Much to the surprise of millions of Americans nationwide, Jerry Sandusky, former player and coach at Penn State University, proclaimed his innocence on national television in an interview with Bob Costas on Monday night.
His answers concerning the alleged sexual-abuse scandal against him left those watching in a sense of disbelief, shock and surprise.
However, those closely associated with the isolated school that essentially is the town of State College, Pa., were not as shocked as others.
“My initial reactions were two things,” said Dennis Gildea, associate professor of communications at Springfield College. “First, I was sad. Sad for the victims and sad that it happened.
“Second, I was not totally surprised because it had been their policy all along to try and keep things under wraps and it’s a silly policy. They can’t do it.”
Gildea, who earned a Ph.D. in Mass Communications from Penn State, taught at the university as well. Before he began teaching, Gildea covered Penn State athletics, including Joe Paterno’s Nittany Lions, for the Pennsylvania Mirror and Centre Daily Times in State College, Pa.
“For the most part, the coaches knew that I used to cover the program and knew I was now teaching,” said Gildea. “And I think they kept a lot of their players out of my classes.”
Along with Gildea, Michael Accordino, associate professor of rehabilitation and disability studies, studied and taught at Penn State as a graduate assistant during the Joe Paterno/Sandusky era.
Although not shocked by the scandal that has been brought to light out of the dark corners of Penn State, Accordino was surprised at Sandusky’s decision to interview.
“I don’t even know why he did it,” said Accordino. “I just heard his interview and that was just really sick. I thought it was disgusting.”
During the early to mid ‘80s, Penn State was the epitome of college football. Under Paterno and Sandusky, the Nittany Lions claimed two National Championships in 1982 and 1986.
Due largely in part to the defenses and individuals that Sandusky developed, the school became known as ‘Linebacker U.’
“Sandusky was responsible as much as anyone for the two national championships,” said Gildea. “In the Fiesta Bowl in 1986, they totally shut down Testaverde and a Miami team that was a team that had a lot of guys go to the NFL.”
“Sandusky devised a defense that his policy was that you’re going to hit their receivers, and Michael Irvin was their big receiver; hit him every time he comes up, hit him until he starts to cry, and that’s what happened.”
Along with success on the field, Sandusky founded the Second Mile foundation in 1977. At least in theory, the organization helps orphaned children better themselves and their lives.
Accordino recalled meeting Sandusky when the former coach came to his hometown of Clearfield, Pa. in 1990.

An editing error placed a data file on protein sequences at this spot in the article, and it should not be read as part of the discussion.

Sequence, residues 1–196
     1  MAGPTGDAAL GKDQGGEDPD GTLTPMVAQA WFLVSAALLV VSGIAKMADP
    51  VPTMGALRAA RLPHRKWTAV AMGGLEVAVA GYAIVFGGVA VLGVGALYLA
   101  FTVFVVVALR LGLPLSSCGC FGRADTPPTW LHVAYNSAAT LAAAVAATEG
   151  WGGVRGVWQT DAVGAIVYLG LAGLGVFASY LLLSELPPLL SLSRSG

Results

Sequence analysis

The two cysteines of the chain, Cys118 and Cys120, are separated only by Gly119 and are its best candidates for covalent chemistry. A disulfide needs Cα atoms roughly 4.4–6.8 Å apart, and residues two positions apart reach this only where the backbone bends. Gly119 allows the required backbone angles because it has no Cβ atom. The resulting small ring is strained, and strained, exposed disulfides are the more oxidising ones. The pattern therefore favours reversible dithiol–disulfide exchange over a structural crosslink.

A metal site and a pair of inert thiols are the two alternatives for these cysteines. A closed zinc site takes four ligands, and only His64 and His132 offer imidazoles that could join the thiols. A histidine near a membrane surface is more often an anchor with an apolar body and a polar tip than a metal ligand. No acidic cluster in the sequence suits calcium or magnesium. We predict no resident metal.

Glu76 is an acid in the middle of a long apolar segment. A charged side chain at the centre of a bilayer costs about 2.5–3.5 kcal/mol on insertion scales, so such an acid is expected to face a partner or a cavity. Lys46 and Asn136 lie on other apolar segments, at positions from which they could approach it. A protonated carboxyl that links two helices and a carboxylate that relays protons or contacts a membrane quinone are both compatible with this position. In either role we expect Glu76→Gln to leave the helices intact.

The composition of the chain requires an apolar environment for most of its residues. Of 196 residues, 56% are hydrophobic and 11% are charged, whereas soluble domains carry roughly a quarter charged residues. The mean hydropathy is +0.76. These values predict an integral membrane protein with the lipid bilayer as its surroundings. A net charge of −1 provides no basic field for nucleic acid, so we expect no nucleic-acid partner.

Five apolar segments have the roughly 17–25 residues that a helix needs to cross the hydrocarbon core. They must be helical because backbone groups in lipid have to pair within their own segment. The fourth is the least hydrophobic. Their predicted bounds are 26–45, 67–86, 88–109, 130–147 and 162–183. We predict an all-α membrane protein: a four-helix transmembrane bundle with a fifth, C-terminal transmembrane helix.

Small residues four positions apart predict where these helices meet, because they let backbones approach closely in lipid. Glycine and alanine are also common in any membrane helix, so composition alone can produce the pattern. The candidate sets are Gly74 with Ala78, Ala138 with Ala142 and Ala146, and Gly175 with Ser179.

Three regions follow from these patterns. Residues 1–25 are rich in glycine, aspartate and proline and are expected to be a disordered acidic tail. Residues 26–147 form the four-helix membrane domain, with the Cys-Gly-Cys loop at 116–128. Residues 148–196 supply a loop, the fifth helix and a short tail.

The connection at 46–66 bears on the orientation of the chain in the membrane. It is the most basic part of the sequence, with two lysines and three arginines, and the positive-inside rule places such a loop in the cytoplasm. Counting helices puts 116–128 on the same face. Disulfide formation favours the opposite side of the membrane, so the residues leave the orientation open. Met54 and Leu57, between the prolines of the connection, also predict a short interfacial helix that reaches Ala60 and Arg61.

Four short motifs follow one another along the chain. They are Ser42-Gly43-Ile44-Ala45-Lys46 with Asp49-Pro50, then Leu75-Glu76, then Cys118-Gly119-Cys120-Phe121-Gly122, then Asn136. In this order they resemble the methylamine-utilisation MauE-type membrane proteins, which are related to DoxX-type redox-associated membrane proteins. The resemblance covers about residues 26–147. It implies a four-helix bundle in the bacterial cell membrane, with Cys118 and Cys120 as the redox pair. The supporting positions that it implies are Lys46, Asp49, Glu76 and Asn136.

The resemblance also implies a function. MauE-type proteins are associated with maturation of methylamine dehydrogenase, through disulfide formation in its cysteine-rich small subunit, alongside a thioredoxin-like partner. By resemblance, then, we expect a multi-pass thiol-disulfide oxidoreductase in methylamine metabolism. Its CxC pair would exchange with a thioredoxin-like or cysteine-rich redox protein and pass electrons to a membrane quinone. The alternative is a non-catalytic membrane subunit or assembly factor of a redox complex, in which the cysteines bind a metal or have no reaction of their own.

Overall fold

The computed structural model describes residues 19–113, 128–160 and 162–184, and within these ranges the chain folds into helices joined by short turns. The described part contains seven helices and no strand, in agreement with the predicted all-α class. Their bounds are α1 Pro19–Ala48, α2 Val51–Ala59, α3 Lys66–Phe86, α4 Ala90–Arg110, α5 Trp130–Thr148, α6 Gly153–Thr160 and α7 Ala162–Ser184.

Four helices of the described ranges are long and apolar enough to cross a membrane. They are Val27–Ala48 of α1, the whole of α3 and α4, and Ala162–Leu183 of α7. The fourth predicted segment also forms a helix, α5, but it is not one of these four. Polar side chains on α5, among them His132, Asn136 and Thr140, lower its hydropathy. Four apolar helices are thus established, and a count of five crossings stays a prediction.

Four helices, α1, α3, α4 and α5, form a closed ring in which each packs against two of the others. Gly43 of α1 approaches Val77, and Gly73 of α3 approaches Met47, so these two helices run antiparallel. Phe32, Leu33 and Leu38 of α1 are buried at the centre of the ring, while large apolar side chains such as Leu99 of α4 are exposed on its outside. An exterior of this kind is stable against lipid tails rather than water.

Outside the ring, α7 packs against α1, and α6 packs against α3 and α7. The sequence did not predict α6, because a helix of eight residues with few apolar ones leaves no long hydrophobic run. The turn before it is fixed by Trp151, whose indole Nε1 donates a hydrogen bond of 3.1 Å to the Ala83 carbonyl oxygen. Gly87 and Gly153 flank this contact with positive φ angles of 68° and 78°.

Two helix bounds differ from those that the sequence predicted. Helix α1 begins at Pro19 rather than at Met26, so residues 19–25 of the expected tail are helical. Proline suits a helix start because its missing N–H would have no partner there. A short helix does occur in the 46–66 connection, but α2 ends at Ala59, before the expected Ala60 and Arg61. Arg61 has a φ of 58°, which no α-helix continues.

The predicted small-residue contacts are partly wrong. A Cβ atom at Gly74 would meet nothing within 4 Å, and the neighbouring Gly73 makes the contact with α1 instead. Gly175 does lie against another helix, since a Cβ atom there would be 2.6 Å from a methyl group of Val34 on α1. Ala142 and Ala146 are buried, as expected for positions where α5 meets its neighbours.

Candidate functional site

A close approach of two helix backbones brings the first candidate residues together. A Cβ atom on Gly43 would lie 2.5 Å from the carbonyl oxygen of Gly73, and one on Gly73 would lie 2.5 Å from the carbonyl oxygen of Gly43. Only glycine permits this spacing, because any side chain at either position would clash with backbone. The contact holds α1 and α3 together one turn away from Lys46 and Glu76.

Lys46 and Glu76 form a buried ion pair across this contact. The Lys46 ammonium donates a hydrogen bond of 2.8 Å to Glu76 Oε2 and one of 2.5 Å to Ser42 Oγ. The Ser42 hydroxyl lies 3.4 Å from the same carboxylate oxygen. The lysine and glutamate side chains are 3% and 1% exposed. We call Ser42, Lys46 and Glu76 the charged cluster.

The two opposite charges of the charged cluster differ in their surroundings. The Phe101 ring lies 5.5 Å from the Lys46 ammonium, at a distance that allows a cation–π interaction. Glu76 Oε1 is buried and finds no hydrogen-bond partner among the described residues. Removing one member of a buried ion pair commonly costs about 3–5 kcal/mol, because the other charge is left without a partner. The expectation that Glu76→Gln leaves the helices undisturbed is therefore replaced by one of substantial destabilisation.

“I met him,” said Accordino. “He had a fundraiser for the Second Mile organization and he came to my hometown in Clearfield, which is about 40 miles west of State College.
“He brought some former players, [and] he brought some kids. He was like Jerry Lewis at a telethon. Everybody looked up to him. This was a great organization. It taught kids who were orphans how to better themselves. He was a pillar on the campus.”
However, it now seems quite possible that Sandusky was not the man he appeared to be. Apparently, his darkest and most horrific secrets have been discovered, leaving the iconic Paterno, the coaching staff, the football program, the university and State College with insurmountable problems and necessary changes to make.
From the deepest of inner circles at Penn State, the cover-ups and events have been discovered. Paterno has been scrutinized for not doing enough, along with assistant coach Mike McQueary. McQueary, who came forth and claimed to witness Sandusky sexually abusing a child in the shower, came forward years too late.
“Maybe [McQueary] wanted to blow the whistle on this but he was afraid,” said Accordino. “That’s what I bet happened. Because when you’re a GA, you have no power; you’re dependent for your money from those guys. And he wanted to be a coach some day.”
Accordino described the campus as an “empire” with Paterno at the head. No one just walked in and talked to Paterno or the coaches. People were usually stopped well before.
From this isolated community, evil was apparently allowed to slip through the cracks. Men of great power in arguably the biggest little town in America did nothing to put a stop to the terrorizing acts Sandusky has been accused of committing.
“Like a lot of places, such as big corporations and athletic programs, they say, ‘Well, we’re just going to bury it and hope it goes away and no one discovers it.’ I think that is one thing that happened with this situation,” said Gildea. “They were doing their best to protect Jerry Sandusky. Obviously, they were protecting the wrong type of person.”
Corey Hanlon may be reached at firstname.lastname@example.org